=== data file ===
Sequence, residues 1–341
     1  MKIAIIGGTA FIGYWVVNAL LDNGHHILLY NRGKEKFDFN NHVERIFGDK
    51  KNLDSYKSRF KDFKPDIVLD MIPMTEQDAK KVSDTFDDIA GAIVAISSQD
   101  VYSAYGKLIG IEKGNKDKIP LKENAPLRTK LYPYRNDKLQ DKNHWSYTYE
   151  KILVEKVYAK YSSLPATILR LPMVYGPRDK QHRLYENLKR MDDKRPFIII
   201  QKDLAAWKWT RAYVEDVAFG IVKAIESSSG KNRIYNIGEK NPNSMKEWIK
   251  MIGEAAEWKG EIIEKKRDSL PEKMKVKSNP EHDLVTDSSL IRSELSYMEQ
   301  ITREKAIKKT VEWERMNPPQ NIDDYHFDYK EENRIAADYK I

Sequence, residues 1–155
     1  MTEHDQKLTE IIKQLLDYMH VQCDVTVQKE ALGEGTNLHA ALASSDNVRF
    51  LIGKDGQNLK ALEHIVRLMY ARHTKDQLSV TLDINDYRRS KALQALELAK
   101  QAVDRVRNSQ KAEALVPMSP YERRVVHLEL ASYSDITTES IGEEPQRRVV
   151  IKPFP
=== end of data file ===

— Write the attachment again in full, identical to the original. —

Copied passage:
Sequence, residues 1–341
     1  MKIAIIGGTA FIGYWVVNAL LDNGHHILLY NRGKEKFDFN NHVERIFGDK
    51  KNLDSYKSRF KDFKPDIVLD MIPMTEQDAK KVSDTFDDIA GAIVAISSQD
   101  VYSAYGKLIG IEKGNKDKIP LKENAPLRTK LYPYRNDKLQ DKNHWSYTYE
   151  KILVEKVYAK YSSLPATILR LPMVYGPRDK QHRLYENLKR MDDKRPFIII
   201  QKDLAAWKWT RAYVEDVAFG IVKAIESSSG KNRIYNIGEK NPNSMKEWIK
   251  MIGEAAEWKG EIIEKKRDSL PEKMKVKSNP EHDLVTDSSL IRSELSYMEQ
   301  ITREKAIKKT VEWERMNPPQ NIDDYHFDYK EENRIAADYK I

Sequence, residues 1–155
     1  MTEHDQKLTE IIKQLLDYMH VQCDVTVQKE ALGEGTNLHA ALASSDNVRF
    51  LIGKDGQNLK ALEHIVRLMY ARHTKDQLSV TLDINDYRRS KALQALELAK
   101  QAVDRVRNSQ KAEALVPMSP YERRVVHLEL ASYSDITTES IGEEPQRRVV
   151  IKPFP